IMG_0905 IMG_0906

and baked…



And by Thursday afternoon all of the cookie dough had been turned into yummy cookies.  We were absolutely stunned at the response from the students.  They had donated a mountain of cookie dough.

Give a child a challenge, embrace their ideas and support them and they will rise to the occasion.

Our students are superstars!  Our goal of 2 cookies per bag was blown out of the water.  We had 796 cookies. (We actually made more than that but the class decided that the broken ones weren’t suitable for the project.  They were sent to the staff room)  We made enough cookies to fill 150 bags with 5 cookies per bag.  So we got to work filling bags!


And then we did some math 🙂IMG_0013

After we filled all the bags with cookies we finished the inside of the cards with messages to brighten the day of someone living on the street.  Ms. Dalzell, our fantastic preservice teacher, shared with the class about her experiences taking part in a “Night in a Box” project where she spent the night on the street to raise awareness for homelessness.

Over the past few weeks we have been having discussions about homelessness.  I can safely say that our students will not be using the terms “Hobo” and “Bum” again.  They have a new compassion for others and are very empathetic young people.  Some of our discussions included how to make positive decisions, how to refuse harmful substances and the importance of thinking for yourself, setting goals and finding supportive people.  (This is the core of our Health and Career curriculum).  We also covered math, social studies and language arts.


I am amazed at how the spelling on each card was perfect and that the students used their best printing.  This is real life writing.  The kids were passionate about their project and took extra care to get it right.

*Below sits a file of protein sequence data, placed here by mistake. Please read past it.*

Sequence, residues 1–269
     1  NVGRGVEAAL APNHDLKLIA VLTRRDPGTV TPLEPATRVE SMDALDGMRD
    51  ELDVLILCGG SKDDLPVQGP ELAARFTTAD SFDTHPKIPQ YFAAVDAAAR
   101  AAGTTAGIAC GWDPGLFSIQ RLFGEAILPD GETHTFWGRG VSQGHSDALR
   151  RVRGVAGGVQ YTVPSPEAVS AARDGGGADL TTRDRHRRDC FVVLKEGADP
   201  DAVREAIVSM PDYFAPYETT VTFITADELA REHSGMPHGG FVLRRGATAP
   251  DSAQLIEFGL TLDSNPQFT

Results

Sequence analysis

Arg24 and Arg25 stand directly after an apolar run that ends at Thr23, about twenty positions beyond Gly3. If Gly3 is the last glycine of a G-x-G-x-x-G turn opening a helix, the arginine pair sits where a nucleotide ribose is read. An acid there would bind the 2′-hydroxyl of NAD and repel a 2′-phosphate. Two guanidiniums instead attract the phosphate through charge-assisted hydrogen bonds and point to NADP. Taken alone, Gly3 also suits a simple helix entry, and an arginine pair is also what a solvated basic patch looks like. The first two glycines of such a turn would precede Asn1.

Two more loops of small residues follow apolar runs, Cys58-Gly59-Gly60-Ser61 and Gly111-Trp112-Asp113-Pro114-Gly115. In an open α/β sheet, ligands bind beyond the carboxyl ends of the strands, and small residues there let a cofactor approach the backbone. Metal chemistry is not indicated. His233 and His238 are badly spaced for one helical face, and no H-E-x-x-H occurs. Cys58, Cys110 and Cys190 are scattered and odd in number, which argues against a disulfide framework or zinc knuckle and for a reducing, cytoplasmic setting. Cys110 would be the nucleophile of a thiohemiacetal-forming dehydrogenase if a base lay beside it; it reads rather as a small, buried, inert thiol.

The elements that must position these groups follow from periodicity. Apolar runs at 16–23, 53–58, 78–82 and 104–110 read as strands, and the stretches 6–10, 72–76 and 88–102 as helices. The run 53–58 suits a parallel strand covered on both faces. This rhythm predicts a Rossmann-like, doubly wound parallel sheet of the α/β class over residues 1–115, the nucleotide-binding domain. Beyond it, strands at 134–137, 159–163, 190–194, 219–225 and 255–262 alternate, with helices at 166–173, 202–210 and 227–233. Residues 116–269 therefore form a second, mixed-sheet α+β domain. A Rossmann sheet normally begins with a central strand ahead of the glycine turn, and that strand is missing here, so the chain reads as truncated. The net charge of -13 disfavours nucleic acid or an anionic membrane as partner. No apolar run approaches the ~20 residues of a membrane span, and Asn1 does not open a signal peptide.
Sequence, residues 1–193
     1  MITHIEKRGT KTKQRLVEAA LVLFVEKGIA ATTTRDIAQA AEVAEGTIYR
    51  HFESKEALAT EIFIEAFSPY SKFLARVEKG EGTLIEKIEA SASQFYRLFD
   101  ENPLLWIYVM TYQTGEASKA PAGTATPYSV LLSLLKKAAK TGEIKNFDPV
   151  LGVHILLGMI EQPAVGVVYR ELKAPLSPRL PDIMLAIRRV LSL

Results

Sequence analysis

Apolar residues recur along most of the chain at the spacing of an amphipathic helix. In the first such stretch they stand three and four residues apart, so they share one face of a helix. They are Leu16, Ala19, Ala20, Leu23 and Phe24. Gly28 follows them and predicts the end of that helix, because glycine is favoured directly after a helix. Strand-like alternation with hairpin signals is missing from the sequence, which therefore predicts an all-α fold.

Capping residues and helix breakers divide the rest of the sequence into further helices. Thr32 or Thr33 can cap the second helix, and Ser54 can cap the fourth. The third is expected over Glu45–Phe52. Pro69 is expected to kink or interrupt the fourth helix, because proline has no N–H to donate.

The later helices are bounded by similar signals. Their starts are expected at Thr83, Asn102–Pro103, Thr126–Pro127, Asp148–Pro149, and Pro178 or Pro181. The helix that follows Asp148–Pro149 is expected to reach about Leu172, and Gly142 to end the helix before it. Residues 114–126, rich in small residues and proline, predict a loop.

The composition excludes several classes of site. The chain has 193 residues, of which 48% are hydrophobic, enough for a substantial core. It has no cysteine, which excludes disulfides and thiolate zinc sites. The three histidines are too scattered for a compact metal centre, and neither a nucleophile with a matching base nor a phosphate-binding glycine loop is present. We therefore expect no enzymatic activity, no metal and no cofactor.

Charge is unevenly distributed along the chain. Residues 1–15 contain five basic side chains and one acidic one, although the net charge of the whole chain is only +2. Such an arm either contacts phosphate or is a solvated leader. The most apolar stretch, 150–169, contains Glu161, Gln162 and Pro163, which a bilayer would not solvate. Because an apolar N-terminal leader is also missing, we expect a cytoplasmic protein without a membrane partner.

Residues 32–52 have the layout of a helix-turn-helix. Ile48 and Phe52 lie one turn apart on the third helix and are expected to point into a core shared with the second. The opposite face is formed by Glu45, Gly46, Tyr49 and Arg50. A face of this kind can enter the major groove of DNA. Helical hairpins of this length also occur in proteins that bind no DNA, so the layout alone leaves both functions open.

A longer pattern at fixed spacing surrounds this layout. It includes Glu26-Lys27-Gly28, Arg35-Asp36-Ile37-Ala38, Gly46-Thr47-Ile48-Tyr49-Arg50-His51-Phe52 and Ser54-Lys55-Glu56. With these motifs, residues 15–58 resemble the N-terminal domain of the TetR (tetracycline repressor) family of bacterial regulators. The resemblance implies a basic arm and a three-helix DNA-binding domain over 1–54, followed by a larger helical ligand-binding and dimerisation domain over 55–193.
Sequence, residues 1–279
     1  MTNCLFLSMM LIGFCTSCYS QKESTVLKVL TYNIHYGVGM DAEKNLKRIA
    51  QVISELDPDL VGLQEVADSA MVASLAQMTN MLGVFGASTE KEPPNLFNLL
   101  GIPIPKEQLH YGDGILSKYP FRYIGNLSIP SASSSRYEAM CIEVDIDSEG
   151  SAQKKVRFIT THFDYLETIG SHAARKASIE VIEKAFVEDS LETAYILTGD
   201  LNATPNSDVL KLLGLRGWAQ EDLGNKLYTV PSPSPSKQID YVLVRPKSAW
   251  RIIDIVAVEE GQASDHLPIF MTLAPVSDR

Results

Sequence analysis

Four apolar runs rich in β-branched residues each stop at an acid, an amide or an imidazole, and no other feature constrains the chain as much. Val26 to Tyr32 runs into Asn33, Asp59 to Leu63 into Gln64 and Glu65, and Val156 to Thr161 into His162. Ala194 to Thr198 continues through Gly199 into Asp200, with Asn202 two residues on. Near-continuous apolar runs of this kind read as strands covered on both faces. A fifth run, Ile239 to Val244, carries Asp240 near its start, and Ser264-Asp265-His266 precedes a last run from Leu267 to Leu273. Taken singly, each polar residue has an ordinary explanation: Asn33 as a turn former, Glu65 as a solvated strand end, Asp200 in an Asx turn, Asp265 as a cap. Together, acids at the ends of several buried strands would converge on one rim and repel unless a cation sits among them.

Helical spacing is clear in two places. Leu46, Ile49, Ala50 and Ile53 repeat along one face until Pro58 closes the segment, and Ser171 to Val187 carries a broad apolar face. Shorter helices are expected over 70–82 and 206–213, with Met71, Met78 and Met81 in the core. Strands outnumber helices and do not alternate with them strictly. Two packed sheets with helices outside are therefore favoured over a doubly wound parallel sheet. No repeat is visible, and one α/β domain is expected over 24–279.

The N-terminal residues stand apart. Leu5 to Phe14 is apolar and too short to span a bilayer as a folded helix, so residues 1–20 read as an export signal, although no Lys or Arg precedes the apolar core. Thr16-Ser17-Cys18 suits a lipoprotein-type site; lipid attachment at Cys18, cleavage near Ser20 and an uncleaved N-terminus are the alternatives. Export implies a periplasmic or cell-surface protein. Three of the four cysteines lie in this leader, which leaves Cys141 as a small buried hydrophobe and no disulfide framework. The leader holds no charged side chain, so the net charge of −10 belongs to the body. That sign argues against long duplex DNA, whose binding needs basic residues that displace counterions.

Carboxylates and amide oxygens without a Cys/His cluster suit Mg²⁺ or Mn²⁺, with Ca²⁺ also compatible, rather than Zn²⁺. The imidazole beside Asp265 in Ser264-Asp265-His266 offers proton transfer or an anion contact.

Finally, we stapled the cards onto the bags of cookies and Lorrie took them home with her on Friday and delivered them on Sunday.  I plan to write a follow up post with a few photos of the delivery trucks and some of the volunteers who delivered the care packages as well as some video I took of the students thoughts as they were doing the project.  The students will be blogging about it sometime next week on their Kidblog site.


I want to say a huge thank-you to Lorrie for all her hard work!  Not only on this project, but over the 5 years we have worked together in our room.  I absolutely adore her.  She is an amazing woman!

And my darling grade 3’s…you will be having the best Winter Extravaganza in Bear Creek history 🙂 Thank you for reminding me why I love to teach.


Cards and Cookies, Challenge Based Learning — 3 Comments

  1. Pingback: Not Only About Passion-Based Learning | It's All About Learning

  2. Diana,

    What a great project for you and your students (actually, for our entire school to be aware of). Your students really understand what is truly important about the “holiday” season. What an important lesson to learn and a young age.

    I love how your students worked in all areas of the curriculum in this one project. I also love the authenticity of the project and how seriously all your students took this project.

    I can’t wait to see what else you are going to do with your students this year!

    Thank you for all you do to make learning meaningful and truly authentic for your kids. This is a year they will not soon forget!


  3. This is amazing. I am so proud of you as a fellow teacher!!! I’m thrilled that this kind of authentic learning is going on. Those kids are going to live great lives thanks to you. Society thanks you. I learned a lot about how to properly understand the multiple possible facets of PBL from your post, so MERCI BEAUCOUP for helping me with my professional development. I’m forwarding this to my local Rotary club and my mom – she’s a retired kindergarten teacher now working with a volunteer group of retired librarians who are gifting shipping-crate ‘libraries’ to the rural native communities in northern B.C. I think her team would love to read about your service project.

    Merry Christmas.